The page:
Solee: That’s a lot of data, Mikey! One of the things you track all month are tags like “witch” or “pregnant” or “insane”. I know that we worked hard to spread our choices out among different tags. Are there any that we hit last year but didn’t hit this year?

Mikey: Well, we had a different set of foreign films - this year, we had two Aussie movies, and one each of Italian, Filipino, Iranian, Korean, and British. Other than that, I tried to make sure we found stuff from all the same categories, but we failed to discover a first-person movie (two of those last year! The only two I’ve ever seen!), a courtroom drama (quite rare in horror…), and a musical (sad face). The other big difference is that last year it felt like just about every movie made the female protagonist pregnant to up the danger, and this year we only had one movie - Train To Busan - where pregnancy was any real factor at all.

Solee: I see our most common tag was ghost (7), followed by serial killer (6) and found footage (5). There were significantly more ghost (12) and driven insane by ghosts (11) movies last year. Do you think we avoided them this year or were there fewer to choose from?

Mikey: There were quite a few movies this year that I couldn’t quite tag the “monster type” for. The Ruins is about evil plants, Get Out is just … I don’t know, bad doctors? And others. I do think it was a very different batch of movies. Last year was your typical bunch of haunted houses, and we had very little of that this year (I’m gonna guess about 7!). This year I got to tag two movies’ villains as “disease” (Cabin Fever and The Thaw), which is a new category (even if The Thaw was really bugs). It’s not an exact science.

Solee: It certainly gives us an interesting perspective on our viewing habits though.

Mikey: One habit we developed this year was watching Amazon Prime movies. It was our biggest source of movies - Twelve of them were on there (second place was Netflix with seven). And we watched 2 movies in the theaters this year, both of them their opening day! That would be It and Happy Death Day. Which incidentally makes Happy Death Day our most recently released movie, while Texas Chainsaw Massacre (1974) is the oldest, and also happens to be my age!

Solee: I notice we paid (beyond our regular subscription fees) for seven movies this year, compared to nine last year. We’re cheap! If we can’t get it for free, we tend to skip it. Luckily, there are a plethora of free horror movies to access.

Mikey: Plethora hardly begins to describe it! All the streaming services are just buried in cheap, terrible, horror movies. I want to drink them all in. So, beyond pointless numbers, are there are any deep insights we’ve gained with these movies? How have we grown as people after 31 days of enforced entertainment?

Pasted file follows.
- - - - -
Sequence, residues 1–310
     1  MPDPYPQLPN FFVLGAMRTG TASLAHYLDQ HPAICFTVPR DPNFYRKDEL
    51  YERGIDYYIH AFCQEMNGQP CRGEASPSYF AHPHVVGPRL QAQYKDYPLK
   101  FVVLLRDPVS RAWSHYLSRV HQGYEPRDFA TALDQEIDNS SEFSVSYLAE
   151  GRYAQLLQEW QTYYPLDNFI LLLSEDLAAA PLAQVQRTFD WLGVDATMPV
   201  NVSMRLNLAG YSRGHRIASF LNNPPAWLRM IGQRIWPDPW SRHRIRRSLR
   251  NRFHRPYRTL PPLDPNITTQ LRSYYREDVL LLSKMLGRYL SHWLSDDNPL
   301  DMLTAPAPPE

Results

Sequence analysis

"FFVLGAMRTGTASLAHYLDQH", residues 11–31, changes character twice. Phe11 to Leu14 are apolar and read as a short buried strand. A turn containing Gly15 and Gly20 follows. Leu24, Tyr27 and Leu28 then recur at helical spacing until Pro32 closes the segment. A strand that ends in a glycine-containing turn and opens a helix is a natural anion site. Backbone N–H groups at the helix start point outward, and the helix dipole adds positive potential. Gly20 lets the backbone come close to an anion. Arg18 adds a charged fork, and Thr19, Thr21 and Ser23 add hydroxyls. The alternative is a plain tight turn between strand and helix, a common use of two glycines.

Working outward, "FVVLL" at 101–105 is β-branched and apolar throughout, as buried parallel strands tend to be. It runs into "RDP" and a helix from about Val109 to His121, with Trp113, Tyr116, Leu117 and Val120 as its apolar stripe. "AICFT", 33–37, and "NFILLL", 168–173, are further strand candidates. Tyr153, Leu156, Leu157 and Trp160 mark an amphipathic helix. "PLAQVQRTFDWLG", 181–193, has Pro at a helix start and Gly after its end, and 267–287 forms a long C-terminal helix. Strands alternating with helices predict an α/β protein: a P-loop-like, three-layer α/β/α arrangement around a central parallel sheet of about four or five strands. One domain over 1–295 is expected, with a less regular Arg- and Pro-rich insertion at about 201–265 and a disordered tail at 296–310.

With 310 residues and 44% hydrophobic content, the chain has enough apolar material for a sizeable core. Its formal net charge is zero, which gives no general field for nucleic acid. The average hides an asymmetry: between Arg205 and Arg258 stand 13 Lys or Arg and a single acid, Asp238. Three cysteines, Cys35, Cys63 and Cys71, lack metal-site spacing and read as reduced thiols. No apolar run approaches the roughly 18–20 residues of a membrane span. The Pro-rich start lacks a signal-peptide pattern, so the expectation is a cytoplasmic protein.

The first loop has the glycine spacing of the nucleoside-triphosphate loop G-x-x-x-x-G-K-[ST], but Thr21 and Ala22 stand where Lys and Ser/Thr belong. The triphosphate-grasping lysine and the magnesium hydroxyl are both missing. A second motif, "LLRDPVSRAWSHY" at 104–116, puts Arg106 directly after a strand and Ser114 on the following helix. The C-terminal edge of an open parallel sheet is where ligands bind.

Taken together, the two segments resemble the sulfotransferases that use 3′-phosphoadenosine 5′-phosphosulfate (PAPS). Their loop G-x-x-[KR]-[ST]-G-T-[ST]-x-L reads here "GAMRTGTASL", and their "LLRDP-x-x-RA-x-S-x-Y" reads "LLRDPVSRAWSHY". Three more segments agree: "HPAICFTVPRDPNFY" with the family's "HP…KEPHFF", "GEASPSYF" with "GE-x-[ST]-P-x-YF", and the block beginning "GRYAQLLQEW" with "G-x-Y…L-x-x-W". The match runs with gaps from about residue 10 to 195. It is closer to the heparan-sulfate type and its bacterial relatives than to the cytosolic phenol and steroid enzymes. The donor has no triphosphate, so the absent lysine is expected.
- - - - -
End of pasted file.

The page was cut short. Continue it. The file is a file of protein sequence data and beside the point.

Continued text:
Solee: I want to celebrate movies as a form of cultural understanding. I mentioned this in one of our reviews, but I think that watching horror is an interesting way to look into a culture on a deeper level. Our fears are based on things we learn from the moment of our first breath. I appreciate horror as a way of learning about other cultures and gauging my own understanding. Like how they say you know you understand a language fluently when you can make/understand jokes. Not that I am saying I understand the Filipino or Australian cultures … but I got some insight into what I don’t know about those cultures through the movies. Or something deep like that.

Mikey: I think there are some things we saw that were unique to foreign cultures. The Filipino movie (Haunted Mansion) really showed off the Catholicism that’s such a part of their culture. The Iranian movie (Under The Shadow) was all about the women’s issues in Iran. The Korean movie (Train To Busan) was heavily focused on issues of workaholism that I’ve heard about from there before. And the Aussie movies? 95% kangaroos.

Solee: I’m also reminded of how we discussed the social commentary in the horror movies last year. This year we definitely saw more of that with the allegorical studies of depression (Babadook), single parenting (Train to Busan, The Monster), people with disabilities (Disappointments Room), mental health issues (Stonehearst Asylum, Split), and, of course, racism (Get Out).

Mikey: I feel like we did get a lot more depth than I am familiar with seeing in the horror genre! All those messages and depth instead of kids getting stabbed with machetes. It’s weird. I guess that’s what comes of looking up too many “best horror movies” lists. Turns out that’s what makes them good. In fact, we probably only avoided the deep stuff when we skipped the lists and just picked movies based on their cover art. Which did lead to some garbage (Mark of the Witch).

Solee: Ugh. That’s how we marked off the “score of zero” box! Anyway, I’m sure we’ll do more horror movies next year. Do you think we should go for high-brow informative horror or get back into the cheesy monsters?

Mikey: You know, I’m not sure what the right solution is. But I will say what we did this year felt pretty good. We got a nice mix of crap and quality (overall, our rating average was only about 2% higher than last year), and we honestly got surprised on the regular by incredible movies. I definitely don’t mind that experience! I think I’ll be back to something similar next year. Why not? I’m always up to have my mind blown!

Solee: I just realized what we haven’t done much of that I want to work into the rotation next year: old classics! I want to dig further back into the roots of horror and explore some of the originals! We did that a little with Chainsaw Massacre this year, but I want to go back to the 50s and see what they thought was scary then!